American Life in Poetry: Column 097
BY TED KOOSER, U.S. POET LAUREATE
Though parents know that their children will grow up and away from them, will love and be loved by others, it’s a difficult thing to accept. Massachusetts poet Mary Jo Salter emphasizes the poignancy of the parent/child relationship in this perceptive and compelling poem.
Somebody Else’s Baby
From now on they always are, for years now
they always have been, but from now on you know
they are, they always will be,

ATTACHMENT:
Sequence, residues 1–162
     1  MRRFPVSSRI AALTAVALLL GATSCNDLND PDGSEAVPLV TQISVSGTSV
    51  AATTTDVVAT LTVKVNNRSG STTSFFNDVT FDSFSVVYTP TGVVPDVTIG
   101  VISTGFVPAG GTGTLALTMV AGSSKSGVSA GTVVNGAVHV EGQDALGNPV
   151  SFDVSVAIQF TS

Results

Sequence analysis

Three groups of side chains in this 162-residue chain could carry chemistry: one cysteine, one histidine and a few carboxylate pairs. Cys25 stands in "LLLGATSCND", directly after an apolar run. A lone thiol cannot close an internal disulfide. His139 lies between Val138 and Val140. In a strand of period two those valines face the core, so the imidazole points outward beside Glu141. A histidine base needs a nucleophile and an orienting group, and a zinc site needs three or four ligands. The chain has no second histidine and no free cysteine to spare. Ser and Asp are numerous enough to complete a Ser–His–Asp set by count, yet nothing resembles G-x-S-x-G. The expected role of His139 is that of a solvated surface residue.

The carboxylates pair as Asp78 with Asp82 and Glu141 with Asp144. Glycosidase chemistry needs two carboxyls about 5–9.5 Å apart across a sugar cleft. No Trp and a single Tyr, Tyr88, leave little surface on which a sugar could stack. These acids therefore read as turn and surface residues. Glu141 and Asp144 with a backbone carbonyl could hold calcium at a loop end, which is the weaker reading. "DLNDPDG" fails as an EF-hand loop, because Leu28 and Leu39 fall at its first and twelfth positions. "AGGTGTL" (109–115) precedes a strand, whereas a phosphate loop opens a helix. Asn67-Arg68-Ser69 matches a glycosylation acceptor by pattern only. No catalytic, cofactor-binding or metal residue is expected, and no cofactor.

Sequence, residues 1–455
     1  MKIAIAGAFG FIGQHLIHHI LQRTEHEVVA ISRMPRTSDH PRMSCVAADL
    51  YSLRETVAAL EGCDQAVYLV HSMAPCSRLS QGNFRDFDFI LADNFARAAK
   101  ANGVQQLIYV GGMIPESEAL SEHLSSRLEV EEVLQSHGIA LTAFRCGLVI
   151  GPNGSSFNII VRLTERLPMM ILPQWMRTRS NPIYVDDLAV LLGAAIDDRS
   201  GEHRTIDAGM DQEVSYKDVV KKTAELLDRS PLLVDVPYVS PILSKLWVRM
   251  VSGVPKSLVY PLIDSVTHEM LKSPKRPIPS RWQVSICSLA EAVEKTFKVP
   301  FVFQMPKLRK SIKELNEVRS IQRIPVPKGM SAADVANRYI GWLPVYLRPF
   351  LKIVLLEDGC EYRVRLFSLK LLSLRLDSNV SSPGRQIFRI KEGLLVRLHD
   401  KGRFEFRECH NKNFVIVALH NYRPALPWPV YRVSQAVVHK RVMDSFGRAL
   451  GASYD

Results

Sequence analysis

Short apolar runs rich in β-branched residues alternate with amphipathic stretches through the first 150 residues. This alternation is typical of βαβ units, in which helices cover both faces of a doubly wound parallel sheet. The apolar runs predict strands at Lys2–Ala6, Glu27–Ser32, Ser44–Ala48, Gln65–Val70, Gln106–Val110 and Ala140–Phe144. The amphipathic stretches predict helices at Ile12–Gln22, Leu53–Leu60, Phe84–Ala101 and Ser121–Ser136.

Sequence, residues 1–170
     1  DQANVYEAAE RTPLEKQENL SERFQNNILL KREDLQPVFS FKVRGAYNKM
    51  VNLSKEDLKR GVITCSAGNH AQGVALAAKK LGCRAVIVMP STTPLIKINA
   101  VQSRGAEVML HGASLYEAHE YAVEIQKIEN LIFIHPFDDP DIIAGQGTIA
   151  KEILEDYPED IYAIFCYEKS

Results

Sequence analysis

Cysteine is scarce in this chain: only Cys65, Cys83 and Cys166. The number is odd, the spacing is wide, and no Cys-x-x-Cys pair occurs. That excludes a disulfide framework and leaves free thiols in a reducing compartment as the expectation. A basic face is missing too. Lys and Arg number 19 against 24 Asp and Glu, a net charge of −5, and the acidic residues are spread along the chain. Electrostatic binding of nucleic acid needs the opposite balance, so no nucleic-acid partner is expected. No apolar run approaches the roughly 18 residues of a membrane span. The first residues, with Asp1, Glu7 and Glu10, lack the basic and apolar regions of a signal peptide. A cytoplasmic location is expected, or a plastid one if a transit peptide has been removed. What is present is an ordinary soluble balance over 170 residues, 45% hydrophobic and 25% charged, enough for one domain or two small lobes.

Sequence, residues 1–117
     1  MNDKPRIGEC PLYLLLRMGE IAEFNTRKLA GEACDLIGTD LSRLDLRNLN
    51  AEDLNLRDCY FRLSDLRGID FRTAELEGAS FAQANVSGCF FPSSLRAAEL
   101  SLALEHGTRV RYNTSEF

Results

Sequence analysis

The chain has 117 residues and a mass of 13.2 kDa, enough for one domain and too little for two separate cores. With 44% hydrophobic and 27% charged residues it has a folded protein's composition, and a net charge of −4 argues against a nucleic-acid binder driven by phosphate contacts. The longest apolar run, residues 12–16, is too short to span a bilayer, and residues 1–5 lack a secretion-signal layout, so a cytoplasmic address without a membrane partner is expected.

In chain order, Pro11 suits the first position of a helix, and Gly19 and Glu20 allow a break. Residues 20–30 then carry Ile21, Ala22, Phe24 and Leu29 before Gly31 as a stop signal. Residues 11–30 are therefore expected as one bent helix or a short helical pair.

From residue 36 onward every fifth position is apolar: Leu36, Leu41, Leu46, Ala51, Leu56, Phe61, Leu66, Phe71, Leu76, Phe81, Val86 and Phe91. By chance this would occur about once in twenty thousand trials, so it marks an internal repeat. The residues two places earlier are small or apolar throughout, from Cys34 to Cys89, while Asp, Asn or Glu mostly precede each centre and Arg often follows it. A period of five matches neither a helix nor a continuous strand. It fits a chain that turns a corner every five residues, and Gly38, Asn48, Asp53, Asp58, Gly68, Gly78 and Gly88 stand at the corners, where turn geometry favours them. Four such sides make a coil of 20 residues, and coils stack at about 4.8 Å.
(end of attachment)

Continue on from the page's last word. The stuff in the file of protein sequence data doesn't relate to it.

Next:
from now on when they cry and you say
wryly to their mother, better you than me,
you’d better mean it, you’d better
hand over what you can’t have, and gracefully.
We do not accept unsolicited submissions. American Life in Poetry is made possible by The Poetry Foundation (www.poetryfoundation.org), publisher of Poetry magazine. It is also supported by the Department of English at the University of Nebraska-Lincoln. Reprinted from New Letters, vol. 72, no. 3-4, 2006, by permission of the poet. Copyright © 2006 by Mary Jo Salter, whose most recent book of poetry is Open Shutters, Knopf, 2003. Introduction copyright © 2018 by The Poetry Foundation. The introduction's author, Ted Kooser, served as United States Poet Laureate Consultant in Poetry to the Library of Congress from 2004-2006.